We Need to Extend the $8,000 First-Time Homebuyers Tax Credit - Southern Maryland Headline News

We Need to Extend the $8,000 First-Time Homebuyers Tax Credit


Commentary By U.S. Senator Benjamin L. Cardin (D)

There are signs that the housing market is stabilizing, but we are not out of the woods yet. That’s why I recently introduced legislation—which has strong bipartisan support—to extend the $8,000 first-time homebuyers tax credit for another six months, past its current expiration date of December 1, 2009 to June 1, 2010. This credit is fully refundable, which means if you do not owe taxes you will still get the full tax credit from the Internal Revenue Service (IRS).

Just as the Cash for Clunkers program has been a boost for the auto industry, the $8,000 tax credit also has helped to stimulate housing sales. According to the most recent IRS data, more than 1.4 million Americans have already claimed the credit, with an additional 350,000 people expected to take advantage of the program in the near future.

This year, as many as 40 percent of all homebuyers will qualify for the credit. The amount of the credit equals 10 percent of the price of the home up to $8,000. To qualify for the credit, you cannot have owned a home for three consecutive years prior to purchase and your income must be within certain eligibility limits – up to $150,000 for couples and up to $75,000 for individuals.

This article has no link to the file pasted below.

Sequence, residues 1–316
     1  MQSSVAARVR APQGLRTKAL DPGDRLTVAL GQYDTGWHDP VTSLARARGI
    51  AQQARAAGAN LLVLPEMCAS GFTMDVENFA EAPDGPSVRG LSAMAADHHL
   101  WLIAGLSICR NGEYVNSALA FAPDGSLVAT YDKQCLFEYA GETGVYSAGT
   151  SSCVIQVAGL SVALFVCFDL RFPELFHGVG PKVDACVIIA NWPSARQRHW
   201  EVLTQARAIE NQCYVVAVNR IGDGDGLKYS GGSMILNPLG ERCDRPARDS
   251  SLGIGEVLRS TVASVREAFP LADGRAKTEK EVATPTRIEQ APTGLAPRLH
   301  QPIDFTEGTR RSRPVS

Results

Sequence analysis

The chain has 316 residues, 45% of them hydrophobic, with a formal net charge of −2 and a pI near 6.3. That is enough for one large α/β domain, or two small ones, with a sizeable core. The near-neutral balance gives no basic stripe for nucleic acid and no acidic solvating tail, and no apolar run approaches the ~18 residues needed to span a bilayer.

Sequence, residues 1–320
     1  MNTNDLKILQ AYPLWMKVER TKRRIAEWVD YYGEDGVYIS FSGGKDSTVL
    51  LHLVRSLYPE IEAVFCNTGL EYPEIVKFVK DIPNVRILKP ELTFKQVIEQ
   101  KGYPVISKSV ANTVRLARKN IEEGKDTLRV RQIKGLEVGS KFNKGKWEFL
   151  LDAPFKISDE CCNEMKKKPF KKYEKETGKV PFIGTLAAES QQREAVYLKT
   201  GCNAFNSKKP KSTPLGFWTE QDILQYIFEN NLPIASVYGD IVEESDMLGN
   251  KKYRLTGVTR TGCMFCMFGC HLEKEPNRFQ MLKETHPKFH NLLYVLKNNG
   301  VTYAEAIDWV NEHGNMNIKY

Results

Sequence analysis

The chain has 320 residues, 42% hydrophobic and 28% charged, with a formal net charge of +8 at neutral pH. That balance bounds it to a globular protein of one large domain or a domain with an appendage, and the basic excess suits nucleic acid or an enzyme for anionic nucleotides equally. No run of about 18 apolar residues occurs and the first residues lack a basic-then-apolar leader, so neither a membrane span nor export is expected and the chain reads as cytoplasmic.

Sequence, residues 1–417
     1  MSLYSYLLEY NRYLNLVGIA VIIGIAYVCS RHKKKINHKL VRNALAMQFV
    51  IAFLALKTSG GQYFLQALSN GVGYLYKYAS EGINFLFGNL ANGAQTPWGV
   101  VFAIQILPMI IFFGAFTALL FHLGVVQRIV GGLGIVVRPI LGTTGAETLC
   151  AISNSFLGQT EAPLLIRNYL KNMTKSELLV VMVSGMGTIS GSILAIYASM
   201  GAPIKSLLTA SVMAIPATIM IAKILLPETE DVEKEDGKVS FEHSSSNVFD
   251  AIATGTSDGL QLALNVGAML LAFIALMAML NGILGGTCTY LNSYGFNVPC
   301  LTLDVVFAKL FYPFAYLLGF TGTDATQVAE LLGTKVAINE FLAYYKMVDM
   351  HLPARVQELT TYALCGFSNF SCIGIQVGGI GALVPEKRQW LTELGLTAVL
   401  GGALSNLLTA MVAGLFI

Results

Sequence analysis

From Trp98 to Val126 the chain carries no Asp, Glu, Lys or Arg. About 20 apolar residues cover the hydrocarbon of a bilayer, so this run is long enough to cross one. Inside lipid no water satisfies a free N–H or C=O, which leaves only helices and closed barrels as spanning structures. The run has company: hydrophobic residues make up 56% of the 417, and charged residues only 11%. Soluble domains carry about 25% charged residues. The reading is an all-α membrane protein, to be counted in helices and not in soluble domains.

Our economy is beginning to show early signs of recovery, and I am proud that the current tax credit has had a strong, positive effect. According to the National Association of Realtors, the tax credit has injected approximately $22 billion into local, state and national economies, causing a ripple effect that translates into jobs.

This tax credit is a stimulus to the critical housing market and an investment in our communities. While I am committed to an extension, I am working with my colleagues to ensure that appropriate offsets are identified so that it will not add to the deficit. I am confident that can be done.

There may be some who question why we should provide additional help to the housing industry, but we need to remember that the collapse of the housing market was one of the major contributing factors that led to this economic downturn and recession. I firmly believe the housing market’s resurgence will be one of the factors that will help pull us out.

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